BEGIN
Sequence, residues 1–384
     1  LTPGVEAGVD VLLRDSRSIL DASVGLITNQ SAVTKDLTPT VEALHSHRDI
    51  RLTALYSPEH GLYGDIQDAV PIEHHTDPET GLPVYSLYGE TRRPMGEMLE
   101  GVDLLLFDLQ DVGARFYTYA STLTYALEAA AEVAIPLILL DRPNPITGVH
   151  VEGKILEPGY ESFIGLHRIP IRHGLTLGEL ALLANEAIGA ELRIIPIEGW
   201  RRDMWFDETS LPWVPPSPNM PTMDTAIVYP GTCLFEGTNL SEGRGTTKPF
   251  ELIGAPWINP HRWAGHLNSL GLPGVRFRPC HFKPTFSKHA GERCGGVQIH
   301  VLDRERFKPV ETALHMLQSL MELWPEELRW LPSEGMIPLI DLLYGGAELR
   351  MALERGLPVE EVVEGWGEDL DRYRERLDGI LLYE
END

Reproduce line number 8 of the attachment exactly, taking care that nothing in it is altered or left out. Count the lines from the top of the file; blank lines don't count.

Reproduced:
   301  VLDRERFKPV ETALHMLQSL MELWPEELRW LPSEGMIPLI DLLYGGAELR